Virtual Reality Experiences for Business

Virtual reality has the potential to completely change the way companies interact and engage their clientele and employees.  Small businesses can even prepare for this latest business trend. By incorporating it into their digital strategy, businesses of all sizes will be able to take advantage of the opportunities virtual reality can present.

Virtual Reality (VR), is similar to augmented reality (AR) as in both immerse the user in virtual objects or a virtual world around them. No longer just industry hype, virtual reality is disruptive technology that is currently transforming life and business. Google’s CEO, Sundar Pichai echoes this sentiment in the annual Founders’ letter saying,  “The next big step will be for the very concept of the ‘device’ to fade away”. Facebook’s Mark Zuckerberg also acknowledges the power behind virtual reality has in becoming the next major computing platform; as is evident in his acquisition of Oculus.

Technology to Enhance Your Business Interactions.

For small to medium sized businesses, incorporating any new digital or virtual initiative should be done so with the ultimate goal of improving your customer loyalty. Engage with your consumers to enhance your brand. By providing an innovative connection, your organization gains an advantage over competition.  There are plenty of use cases where your business would be able to implement virtual reality experiences:

  • Product/Service Presentations. Consider the engagement level a prospect could have when using virtual reality to gain 360 degree view into your product or service. The real estate market has been quick to adapt. Many realtors hold virtual tours of their housing inventory as an effective way to differentiate in a crowded market space.
  • Conferencing. Location and geography are rapidly becoming irrelevant when it comes to conducting business meetings. Travel costs will be greatly diminished by those who can conference in to a meeting. Virtual reality allows everyone to be seated at the boardroom table.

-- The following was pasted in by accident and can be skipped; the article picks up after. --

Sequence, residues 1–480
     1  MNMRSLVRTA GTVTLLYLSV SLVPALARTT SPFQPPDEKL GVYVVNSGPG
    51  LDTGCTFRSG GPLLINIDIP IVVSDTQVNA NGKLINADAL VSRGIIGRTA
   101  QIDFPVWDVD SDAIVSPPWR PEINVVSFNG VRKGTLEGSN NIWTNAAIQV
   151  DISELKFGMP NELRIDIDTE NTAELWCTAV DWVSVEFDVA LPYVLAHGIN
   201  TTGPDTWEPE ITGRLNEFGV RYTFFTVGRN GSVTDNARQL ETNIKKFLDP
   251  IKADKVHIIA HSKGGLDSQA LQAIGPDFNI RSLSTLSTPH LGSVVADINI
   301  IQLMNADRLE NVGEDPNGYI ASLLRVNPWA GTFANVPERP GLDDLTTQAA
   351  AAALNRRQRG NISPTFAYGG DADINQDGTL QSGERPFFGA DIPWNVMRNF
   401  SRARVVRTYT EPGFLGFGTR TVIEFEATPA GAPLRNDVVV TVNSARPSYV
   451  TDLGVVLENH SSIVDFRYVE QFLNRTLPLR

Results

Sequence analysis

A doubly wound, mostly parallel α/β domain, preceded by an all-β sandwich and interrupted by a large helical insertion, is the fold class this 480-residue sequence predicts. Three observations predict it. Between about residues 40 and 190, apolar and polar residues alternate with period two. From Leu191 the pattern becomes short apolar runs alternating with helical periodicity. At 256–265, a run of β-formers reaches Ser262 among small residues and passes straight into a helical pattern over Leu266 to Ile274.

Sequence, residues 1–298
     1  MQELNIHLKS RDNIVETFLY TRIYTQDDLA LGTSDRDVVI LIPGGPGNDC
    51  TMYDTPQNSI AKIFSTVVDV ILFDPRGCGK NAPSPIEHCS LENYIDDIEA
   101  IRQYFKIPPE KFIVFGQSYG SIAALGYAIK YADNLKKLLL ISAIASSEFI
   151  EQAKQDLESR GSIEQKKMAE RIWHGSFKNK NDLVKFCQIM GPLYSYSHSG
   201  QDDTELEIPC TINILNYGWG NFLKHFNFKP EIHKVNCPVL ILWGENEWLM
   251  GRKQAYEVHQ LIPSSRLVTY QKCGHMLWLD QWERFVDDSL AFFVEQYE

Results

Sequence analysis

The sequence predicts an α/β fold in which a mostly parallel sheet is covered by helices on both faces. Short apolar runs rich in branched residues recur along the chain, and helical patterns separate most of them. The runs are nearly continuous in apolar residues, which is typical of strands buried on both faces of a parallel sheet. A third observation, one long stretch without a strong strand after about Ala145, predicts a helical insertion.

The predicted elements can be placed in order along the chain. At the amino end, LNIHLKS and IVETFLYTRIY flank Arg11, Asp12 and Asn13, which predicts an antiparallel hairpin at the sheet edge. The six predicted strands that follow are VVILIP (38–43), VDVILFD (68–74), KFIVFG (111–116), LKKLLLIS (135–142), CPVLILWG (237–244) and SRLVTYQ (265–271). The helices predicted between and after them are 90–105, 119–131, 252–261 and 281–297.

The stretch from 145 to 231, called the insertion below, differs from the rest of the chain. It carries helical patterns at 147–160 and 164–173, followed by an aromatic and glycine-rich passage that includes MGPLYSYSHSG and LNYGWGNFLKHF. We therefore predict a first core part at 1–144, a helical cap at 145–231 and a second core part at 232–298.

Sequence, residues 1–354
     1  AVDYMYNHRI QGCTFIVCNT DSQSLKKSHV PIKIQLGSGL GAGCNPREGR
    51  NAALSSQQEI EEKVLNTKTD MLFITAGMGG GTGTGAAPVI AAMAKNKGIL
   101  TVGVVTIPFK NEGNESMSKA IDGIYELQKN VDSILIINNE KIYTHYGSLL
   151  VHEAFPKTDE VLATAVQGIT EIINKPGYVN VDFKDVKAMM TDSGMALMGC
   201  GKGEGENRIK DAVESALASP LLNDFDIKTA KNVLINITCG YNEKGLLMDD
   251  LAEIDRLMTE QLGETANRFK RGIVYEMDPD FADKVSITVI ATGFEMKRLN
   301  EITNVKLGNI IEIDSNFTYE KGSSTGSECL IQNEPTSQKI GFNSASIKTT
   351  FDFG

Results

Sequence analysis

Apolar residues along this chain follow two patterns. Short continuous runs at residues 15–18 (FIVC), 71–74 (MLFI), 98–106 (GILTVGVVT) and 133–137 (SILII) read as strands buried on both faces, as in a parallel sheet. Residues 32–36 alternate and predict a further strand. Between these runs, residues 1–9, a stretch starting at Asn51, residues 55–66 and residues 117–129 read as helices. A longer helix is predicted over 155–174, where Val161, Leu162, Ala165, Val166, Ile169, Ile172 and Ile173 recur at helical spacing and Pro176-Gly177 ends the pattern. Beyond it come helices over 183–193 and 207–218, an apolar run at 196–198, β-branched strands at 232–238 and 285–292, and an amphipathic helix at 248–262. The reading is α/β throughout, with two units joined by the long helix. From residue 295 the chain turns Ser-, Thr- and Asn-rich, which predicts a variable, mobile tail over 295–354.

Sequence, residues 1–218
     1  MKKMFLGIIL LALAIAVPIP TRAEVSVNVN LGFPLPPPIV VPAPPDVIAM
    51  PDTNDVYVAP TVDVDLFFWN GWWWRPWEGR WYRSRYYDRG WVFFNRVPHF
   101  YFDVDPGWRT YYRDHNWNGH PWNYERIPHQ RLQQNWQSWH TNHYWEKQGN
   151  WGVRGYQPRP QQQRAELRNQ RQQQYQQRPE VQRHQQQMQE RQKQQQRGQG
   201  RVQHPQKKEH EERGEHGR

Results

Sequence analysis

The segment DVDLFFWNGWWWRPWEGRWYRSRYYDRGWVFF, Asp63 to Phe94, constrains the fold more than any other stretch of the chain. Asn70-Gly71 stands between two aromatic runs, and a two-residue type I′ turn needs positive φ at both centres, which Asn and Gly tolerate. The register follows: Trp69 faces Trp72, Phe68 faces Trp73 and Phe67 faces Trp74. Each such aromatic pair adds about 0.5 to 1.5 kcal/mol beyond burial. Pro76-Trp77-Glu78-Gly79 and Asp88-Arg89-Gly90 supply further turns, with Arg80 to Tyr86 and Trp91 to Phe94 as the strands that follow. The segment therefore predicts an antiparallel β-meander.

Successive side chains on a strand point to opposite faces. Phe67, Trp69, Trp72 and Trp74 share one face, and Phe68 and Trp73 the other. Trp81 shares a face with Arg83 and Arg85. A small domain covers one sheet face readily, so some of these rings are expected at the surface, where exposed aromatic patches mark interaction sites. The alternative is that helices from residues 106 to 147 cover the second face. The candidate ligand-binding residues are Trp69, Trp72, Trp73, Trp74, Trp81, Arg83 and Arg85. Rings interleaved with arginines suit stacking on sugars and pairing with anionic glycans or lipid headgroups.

• HR. Conducting interviews, holding training sessions or performance reviews could all be handled by the HR department remotely. Imagine an interview process where virtual reality allowed a candidate to demonstrate their “hands on” expertise.

How Businesses are Incorporating Virtual Reality.

Virtual reality is being leveraged as a cost effective way of developing products, as it allows you to explore prototypes before production. Virtual reality (VR) also proves helpful in areas with limited human resources. VR is being developed to provide a hands on guide of tutorials. Several big players have already begun differentiating themselves by leveraging virtual reality experiences:

  • Facebook/Oculus. Oculus, a VR company, is leading the way in “immersive gaming” but Mark Zuckerberg, truly believes this is just the beginning. “After games, we’re going to make Oculus a platform for many other experiences. Imagine enjoying a court side seat at a game, studying in a classroom of students and teachers all over the world or consulting with a doctor face-to-face — just by putting on goggles in your home.”